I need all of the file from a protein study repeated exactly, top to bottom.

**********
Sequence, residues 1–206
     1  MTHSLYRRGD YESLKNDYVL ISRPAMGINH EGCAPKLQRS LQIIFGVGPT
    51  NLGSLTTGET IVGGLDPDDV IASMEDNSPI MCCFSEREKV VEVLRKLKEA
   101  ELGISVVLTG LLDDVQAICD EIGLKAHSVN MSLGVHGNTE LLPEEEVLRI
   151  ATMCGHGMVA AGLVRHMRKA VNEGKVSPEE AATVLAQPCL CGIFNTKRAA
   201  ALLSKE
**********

Sequence, residues 1–206
     1  MTHSLYRRGD YESLKNDYVL ISRPAMGINH EGCAPKLQRS LQIIFGVGPT
    51  NLGSLTTGET IVGGLDPDDV IASMEDNSPI MCCFSEREKV VEVLRKLKEA
   101  ELGISVVLTG LLDDVQAICD EIGLKAHSVN MSLGVHGNTE LLPEEEVLRI
   151  ATMCGHGMVA AGLVRHMRKA VNEGKVSPEE AATVLAQPCL CGIFNTKRAA
   201  ALLSKE